The course will allow students access to rare films and photographs made by Navajo Indians in the Penn Museum’s archives and to Ojibwe Indian Sacred Pipe Carriers and students who are exploring the innovative use of film and digital technologies to preserve their language and culture. In addition to working with the Penn Museum archives, our research will include trips to the Library of Congress, the Smithsonian Museum, and the National Museum of the American Indian in Washington D.C. to look at how Native American culture is archived and displayed within the museum space, focusing in particular on the use of film and photography.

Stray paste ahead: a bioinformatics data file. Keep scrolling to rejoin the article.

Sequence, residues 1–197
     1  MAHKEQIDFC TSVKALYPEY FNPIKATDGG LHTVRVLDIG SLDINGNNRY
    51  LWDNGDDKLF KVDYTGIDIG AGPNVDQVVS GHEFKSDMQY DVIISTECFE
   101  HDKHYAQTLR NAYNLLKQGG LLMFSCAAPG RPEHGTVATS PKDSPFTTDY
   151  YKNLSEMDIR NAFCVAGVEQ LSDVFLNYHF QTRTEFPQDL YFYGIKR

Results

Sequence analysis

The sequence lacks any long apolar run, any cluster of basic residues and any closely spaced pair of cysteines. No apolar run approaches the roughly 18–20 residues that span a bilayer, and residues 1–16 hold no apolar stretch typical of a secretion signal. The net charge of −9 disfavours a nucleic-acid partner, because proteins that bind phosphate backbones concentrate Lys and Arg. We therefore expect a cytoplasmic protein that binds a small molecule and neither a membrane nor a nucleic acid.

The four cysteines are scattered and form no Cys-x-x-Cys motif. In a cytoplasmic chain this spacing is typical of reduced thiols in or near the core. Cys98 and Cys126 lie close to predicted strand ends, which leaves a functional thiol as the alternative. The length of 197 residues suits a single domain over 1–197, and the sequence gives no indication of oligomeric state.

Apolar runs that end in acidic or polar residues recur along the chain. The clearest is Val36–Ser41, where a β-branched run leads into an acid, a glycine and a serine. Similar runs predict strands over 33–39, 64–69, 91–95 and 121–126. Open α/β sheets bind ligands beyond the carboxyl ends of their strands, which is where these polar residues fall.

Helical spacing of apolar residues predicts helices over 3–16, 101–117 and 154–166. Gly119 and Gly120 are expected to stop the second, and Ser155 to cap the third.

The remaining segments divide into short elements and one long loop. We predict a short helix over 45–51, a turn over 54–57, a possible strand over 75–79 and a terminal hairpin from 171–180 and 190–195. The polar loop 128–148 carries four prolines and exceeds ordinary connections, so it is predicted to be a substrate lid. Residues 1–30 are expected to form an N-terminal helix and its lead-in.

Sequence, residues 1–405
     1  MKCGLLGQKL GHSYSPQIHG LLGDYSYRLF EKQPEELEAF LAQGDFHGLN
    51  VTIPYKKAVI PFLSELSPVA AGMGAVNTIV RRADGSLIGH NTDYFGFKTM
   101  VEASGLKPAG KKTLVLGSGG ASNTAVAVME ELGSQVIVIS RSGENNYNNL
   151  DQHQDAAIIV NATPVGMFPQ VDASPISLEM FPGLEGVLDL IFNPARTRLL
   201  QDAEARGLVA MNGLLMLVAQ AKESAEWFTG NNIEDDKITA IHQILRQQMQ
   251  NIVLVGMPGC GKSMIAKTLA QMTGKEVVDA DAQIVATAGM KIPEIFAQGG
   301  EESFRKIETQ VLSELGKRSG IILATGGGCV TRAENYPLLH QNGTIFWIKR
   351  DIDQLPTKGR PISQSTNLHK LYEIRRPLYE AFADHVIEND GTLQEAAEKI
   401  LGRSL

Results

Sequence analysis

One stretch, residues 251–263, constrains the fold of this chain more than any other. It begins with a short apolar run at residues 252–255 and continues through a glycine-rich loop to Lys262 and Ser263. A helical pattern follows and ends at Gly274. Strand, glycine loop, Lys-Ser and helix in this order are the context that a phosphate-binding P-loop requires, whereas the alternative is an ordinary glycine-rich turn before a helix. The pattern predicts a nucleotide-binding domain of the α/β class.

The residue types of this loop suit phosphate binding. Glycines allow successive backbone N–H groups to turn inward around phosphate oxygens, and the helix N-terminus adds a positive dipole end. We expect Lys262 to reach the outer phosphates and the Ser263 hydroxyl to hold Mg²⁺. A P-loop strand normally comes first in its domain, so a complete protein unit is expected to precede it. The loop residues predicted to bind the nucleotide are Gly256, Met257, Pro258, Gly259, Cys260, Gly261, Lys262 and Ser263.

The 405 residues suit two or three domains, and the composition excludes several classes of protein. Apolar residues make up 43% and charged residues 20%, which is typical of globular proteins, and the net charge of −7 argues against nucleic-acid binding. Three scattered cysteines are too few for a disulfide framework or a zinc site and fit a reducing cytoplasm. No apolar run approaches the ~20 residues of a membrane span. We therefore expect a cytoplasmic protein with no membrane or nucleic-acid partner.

The Ojibwe section of the course will offer Penn students the unique opportunity to travel to the Ojibwe Indian reservations of northern Minnesota, where they will be hosted by a Sacred Pipe Carrier who teaches at Itasca Community College (ICC) in the heart of Ojibwe country. Tim Powell, Director of Digital Partnerships with Indian Communities (DPIC), has been working with Ojibwe tribal historians and Sacred Pipe Carriers for the past eight years to create Gibagadinamaagoom: An Ojibwe Digital Archive in partnership with the Mass Communications department at ICC. The project has produced fifty hours of video and 35 digital images of objects from the Penn Museum. Students would work in teams to curate digital exhibits using this archival material that could then be exhibited on the DPIC website.